It was track and field day in the seventh grade and I was standing at the starting line for the 100m dash. I was never an athletic superstar and had no inclination that I might actually win - I was more of a "middle-of-the-pack" girl. The gun went off and I started to run. As I was running I noticed that I couldn't see anyone in front of me. I ran faster. I looked to the crowd of my peers jumping up and down and cheering. I ran faster. I was winning. I couldn't believe that I was actually winning. I felt amazing; so happy and proud. When I crossed the finish line and turned around to accept my accolades, I died a little inside. I was alone. The rest of the heat was still at the starting line. It had been a false start. The cheers of encouragement from the crowd had actually been pleas for me to stop. I had run my heart out, in front of EVERYONE, alone. The walk back to the start line was probably one of the longest in my life. Oh, the shame. To make it worse, I had run the race again, placing fifth. To this day, this moment is burned in my soul as the most humiliating of my life. I think about it from time to time and am able to laugh about it now.
I liken this experience to that of being a mother. There have been days when I feel like I have it all figured out. My kids are happy and healthy, the laundry is put away, and I may have squeezed in a couple of stomach crunches. Life is rolling right along. Then I have the days where I feel like I'm going back to the beginning and all of the things I'm hoping and working for (a good night's sleep, a toddler who isn't crying, a clean house, and eating a salad instead of an entire bag of Doritos) seem 100 miles away. There are days when I can hear the roar of the crowd and feel so connected to and supported by my friends and family. And then come the days when people are busy with their own lives or nobody seems to understand what I am feeling and I am once again alone on the track. As mothers, some days we win and some days we lose. I have an idea of the mother that I want to be, for myself and for my family, and some days I am that mom - I'm out in front. Other days, I lay awake with my thoughts and think of all the mistakes I made that day, and it's like I'm on the track walking back to the start line.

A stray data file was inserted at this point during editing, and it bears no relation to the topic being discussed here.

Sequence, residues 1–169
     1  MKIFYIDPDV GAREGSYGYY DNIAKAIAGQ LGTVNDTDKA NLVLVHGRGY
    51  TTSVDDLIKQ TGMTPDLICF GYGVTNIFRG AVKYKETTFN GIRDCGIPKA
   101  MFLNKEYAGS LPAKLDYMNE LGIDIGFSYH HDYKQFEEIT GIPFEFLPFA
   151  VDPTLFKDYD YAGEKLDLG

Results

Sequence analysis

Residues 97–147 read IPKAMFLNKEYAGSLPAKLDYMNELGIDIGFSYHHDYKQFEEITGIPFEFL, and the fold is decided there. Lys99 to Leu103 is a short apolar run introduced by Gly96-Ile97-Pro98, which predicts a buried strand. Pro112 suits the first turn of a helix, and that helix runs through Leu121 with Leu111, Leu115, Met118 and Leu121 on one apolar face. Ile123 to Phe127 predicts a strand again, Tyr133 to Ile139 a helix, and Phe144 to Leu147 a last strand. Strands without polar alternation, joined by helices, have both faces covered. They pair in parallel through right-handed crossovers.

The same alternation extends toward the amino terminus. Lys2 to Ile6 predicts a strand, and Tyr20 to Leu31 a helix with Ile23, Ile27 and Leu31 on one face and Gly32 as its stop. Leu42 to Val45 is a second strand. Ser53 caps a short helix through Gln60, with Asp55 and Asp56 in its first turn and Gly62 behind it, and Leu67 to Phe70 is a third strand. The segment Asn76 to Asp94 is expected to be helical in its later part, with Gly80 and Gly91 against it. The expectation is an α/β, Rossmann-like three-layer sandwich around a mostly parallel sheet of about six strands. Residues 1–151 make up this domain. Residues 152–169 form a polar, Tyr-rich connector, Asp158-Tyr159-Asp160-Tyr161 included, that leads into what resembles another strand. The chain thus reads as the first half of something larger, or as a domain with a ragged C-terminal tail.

As I am writing this, my husband asks me if I think that I am losing as a mother. The answer I give him is no. When I take some time to look at things I can see that I am doing just fine, but I also know there will continue to be moments of doubt and regret. But everyday is another race and a chance to start again.